In some projects, you will find characters with special marks either above or below the normal Latin A...Z character. These are called diacritical marks, and indicate a special pronunciation for this character. For proofreading, we indicate them in the text by using a specific coding, such as: ă becomes [)a] for a breve (the u-shaped accent) above an a, or [a)] for a breve below. Be sure to include the square brackets ([ ]). In the rare case when a diacritic is over two letters, include both letters in the brackets.

The post-processor will eventually replace these with whatever symbol works in each version of the text produced, such as 7-bit ASCII, 8-bit, Unicode, html, etc.

Note that when some of these marks appear on some characters (mainly vowels) our standard Latin-1 character set already includes that character with the diacritical mark. In those cases, use the Latin-1 character (see here), available from the character picker in the proofreading interface.

In the table below, the "x" represents a letter with a diacritical mark. When proofreading, use the actual character from the text, not the x shown in the examples.


Proofreading Symbols for Diacritical Marks
diacritical mark sample above below
macron (straight line) ¯ [=x] [x=]
2 dots (dieresis, umlaut) ¨ [:x] [x:]
1 dot · [.x] [x.]
grave accent ` [`x] [x`]
acute accent (aigu) ´ ['x] [x']
circumflex ˆ [^x] [x^]
caron (v-shaped symbol) [vx] [xv]
breve (u-shaped symbol) [)x] [x)]
inverted breve (inverted u-shaped symbol) ̑ [(x] [x(]
tilde ˜ [~x] [x~]
cedilla ¸ [,x] [x,]
ring ̊ [*x] [x*]

Non-Latin Characters

Some projects contain text printed in non-Latin characters; that is, characters other than the Latin A...Z—for example, Greek, Cyrillic (used in Russian, Slavic, and other languages), Hebrew, or Arabic characters.

For Greek, you should attempt a transliteration. Transliteration involves converting each character of the foreign text into the equivalent Latin letter(s). A Greek transliteration tool is provided in the proofreading interface to make this task much easier.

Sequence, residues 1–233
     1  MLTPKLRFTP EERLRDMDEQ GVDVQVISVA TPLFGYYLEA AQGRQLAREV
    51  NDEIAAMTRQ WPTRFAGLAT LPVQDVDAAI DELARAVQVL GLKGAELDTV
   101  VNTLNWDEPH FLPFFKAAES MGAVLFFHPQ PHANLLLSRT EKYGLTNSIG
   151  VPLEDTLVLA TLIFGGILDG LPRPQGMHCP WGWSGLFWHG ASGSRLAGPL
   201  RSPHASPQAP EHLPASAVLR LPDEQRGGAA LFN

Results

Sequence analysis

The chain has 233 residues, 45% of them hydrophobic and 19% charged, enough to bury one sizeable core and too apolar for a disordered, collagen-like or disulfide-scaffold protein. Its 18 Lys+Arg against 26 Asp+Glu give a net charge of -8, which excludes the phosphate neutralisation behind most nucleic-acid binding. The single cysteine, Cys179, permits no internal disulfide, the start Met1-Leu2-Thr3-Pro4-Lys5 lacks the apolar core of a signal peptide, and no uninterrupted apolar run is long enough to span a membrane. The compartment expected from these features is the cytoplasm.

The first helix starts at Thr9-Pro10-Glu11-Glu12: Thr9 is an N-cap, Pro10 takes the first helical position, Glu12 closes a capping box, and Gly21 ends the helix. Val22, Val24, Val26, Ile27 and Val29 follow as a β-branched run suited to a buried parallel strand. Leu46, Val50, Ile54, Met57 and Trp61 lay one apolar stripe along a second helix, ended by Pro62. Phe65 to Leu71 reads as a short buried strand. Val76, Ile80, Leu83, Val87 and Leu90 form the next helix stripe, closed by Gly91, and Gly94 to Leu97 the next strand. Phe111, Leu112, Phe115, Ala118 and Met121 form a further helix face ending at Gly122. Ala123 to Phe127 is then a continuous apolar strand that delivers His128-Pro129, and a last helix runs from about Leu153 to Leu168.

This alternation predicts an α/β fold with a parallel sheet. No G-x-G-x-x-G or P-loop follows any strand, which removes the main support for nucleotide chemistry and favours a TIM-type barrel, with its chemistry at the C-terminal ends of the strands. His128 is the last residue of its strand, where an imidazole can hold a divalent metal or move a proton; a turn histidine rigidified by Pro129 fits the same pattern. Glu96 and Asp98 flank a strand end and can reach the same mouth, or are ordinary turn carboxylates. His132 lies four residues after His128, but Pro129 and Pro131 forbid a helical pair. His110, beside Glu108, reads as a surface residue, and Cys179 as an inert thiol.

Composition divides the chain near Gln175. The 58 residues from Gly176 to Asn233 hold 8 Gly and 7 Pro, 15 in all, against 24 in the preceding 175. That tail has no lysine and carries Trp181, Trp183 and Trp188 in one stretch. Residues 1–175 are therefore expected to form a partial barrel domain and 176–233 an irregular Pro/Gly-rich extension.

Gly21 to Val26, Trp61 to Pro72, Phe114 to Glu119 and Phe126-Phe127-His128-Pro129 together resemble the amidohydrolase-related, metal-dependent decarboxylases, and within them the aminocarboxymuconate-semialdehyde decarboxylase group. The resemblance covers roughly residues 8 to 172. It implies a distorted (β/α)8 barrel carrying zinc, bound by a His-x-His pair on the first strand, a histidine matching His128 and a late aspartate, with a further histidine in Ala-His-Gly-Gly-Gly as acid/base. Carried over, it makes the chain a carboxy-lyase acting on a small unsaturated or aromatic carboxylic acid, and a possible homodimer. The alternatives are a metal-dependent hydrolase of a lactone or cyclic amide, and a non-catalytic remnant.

Press the "Greek Transliterator" button near the bottom of the proofreading interface to open the tool. In the tool, click on the Greek characters that match the word or phrase you are transliterating, and the appropriate Latin-1 characters will appear in the text box. When you are done, simply cut and paste this transliterated text into the page you are proofreading. Surround the transliterated text with the Greek markers [Greek:  and ]. For example, Βιβλος would become [Greek: Biblos]. ("Book"—so appropriate for DP!)

If you are uncertain about your transliteration, mark it with ** to bring it to the attention of the next proofreader or the post-processor.

For other alphabets that cannot be so easily transliterated, such as Cyrillic, Hebrew, or Arabic, replace the non-Latin characters or OCR garbage with the appropriate mark: [Cyrillic: **], [Hebrew: **], or [Arabic: **]. Include the ** so the post-processor can address it later.

  • Greek: See the Transliterating Greek wiki page, Greek HOWTO from Project Gutenberg, or the "Greek Transliterator" pop-up tool in the proofreading interface.
  • Cyrillic: While a standard transliteration scheme exists for Cyrillic, we only recommend you attempt a transliteration if you are fluent in a language that uses it. Otherwise, just mark it as indicated above.
  • Hebrew and Arabic: Not recommended unless you are fluent. There are significant difficulties transliterating these languages and neither Distributed Proofreaders nor Project Gutenberg have yet chosen a standard method.